Cases concerning the necessary requirements for Illinois mortgages have been a hot topic in Illinois courts this past year. The U.S. District Court has returned a decision in one of these appeals, The Gifford State Bank v. Richardson (In re Crane), previously discussed here, overturning the Bankruptcy Court’s decision allowing a bankruptcy trustee’s claim to invalidate a mortgage. [FN1]*
At issue is the text of Section 11 of the Illinois Conveyances Act, which the trustee argued creates certain mandatory requirements for Illinois mortgages, including the recitation of the interest rate and maturity date. [FN2] The trustee argued that the failure of a mortgage instrument to include these elements resulted in defective mortgages which could not provide constructive notice and were avoidable in bankruptcy.
The District Court found that the best interpretation of Section 11 was as a safe harbor for mortgages, not a mandatory checklist of requirements to be completed pro forma, in order to create a proper mortgage under Illinois law.
First, it distinguished the cases relied on by the trustee, finding the cases factually distinguishable from the issues in case before it. It found as a result the language in those cases discussing necessary mortgage identifiers to be dicta.
Second it agreed with another court’s recent decision in Klasi Properties, discussed here, and also found support for its conclusion that the mortgages were not avoidable under the doctrine of incorporation by reference.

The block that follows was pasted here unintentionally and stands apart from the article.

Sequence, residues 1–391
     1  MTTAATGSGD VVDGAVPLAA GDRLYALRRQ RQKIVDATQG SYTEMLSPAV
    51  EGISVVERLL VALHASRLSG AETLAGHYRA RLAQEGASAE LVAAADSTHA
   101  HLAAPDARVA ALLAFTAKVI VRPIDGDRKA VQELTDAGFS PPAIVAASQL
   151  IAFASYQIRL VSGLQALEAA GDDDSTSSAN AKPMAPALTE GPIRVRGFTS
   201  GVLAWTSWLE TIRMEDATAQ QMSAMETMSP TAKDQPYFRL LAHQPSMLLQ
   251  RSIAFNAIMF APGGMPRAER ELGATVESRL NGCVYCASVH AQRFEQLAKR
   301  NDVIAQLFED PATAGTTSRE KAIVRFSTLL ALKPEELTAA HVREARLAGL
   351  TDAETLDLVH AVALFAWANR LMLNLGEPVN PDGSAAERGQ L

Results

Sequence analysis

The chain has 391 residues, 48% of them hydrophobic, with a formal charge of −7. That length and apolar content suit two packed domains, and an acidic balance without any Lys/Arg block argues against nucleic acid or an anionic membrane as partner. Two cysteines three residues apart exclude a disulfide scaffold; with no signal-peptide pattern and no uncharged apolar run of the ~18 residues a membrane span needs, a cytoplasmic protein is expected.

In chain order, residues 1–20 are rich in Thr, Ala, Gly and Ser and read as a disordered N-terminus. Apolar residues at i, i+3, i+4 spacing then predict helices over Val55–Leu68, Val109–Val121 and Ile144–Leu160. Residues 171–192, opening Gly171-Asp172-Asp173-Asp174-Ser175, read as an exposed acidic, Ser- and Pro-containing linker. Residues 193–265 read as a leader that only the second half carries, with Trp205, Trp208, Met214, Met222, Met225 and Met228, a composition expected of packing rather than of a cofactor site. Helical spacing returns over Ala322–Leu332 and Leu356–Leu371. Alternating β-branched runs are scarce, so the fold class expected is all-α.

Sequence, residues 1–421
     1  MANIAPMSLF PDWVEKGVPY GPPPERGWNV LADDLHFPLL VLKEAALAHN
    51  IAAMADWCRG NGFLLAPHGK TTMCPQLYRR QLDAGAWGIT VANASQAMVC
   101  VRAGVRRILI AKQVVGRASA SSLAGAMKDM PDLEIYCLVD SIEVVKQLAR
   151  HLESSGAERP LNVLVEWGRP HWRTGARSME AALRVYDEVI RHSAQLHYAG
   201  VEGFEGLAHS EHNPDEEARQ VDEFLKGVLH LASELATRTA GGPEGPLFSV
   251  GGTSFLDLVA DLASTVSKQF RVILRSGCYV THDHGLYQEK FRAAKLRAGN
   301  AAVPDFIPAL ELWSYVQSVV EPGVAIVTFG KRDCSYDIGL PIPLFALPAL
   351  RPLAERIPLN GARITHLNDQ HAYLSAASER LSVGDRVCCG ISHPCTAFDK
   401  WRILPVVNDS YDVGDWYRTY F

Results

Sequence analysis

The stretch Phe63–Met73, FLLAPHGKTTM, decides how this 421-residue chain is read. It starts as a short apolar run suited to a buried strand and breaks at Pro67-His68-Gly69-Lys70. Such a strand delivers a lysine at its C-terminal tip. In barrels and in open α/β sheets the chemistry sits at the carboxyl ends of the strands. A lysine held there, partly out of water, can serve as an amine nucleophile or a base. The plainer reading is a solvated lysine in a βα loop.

The District Court noted that in Illinois, “[w]hen a note and the mortgage given it to secure it mutually refer to each other, they must also be construed together.” [FN3] It found that the documents in the appeal demonstrated that the mortgages and notes referred to each other by reference, and would meet the requirements of Section 11 even if the enumerated items were deemed to be mandatory.
It also noted the recent amendment to Section 11 by the Illinois legislature, [FN4] which provides:
(b) The provisions of subsection (a) regarding the form of a mortgage are, and have always been, permissive and not mandatory. Accordingly, the failure of an otherwise lawfully executed and recorded mortgage to be in the form described in subsection (a) in one or more respects, including the failure to state the interest rate or the maturity date, or both, shall not affect the validity or priority of the mortgage, nor shall its recordation be ineffective for notice purposes regardless of when the mortgage was recorded.
While noting that the new legislation is not retroactive to the present litigation from its effective date of June 1, 2013, it found that the text clarifies the proper interpretation of Section 11.
[FN1] The Gifford State Bank v. Richardson (In re Crane), 487 B.R. 906, No. 12-CV-2146 (C.D. Ill. February 28, 2013), aff’d 742 F.3d 702 (7th Cir. 12/23/13) (NO. 13-1277, 13-1518).
*The Seventh Circuit further affirmed the District Court’s rationale in consolidated appeals on 12/23/13.
[FN2] 765 ILCS 5/11.
[FN3] Crane, supra FN1, citing Metro. Life Ins. Co. v. Kobbeman, 260 Ill. App. 508, 512 (Ill. App. Ct. 1931) and Matter of Bailey, 999 F.2d 237, 242 (7th Cir. 1993).
[FN4] 765 ILCS 5/11(b) (Public Act 97-1164 approving Senate Bill 0016, effective June 1, 2013).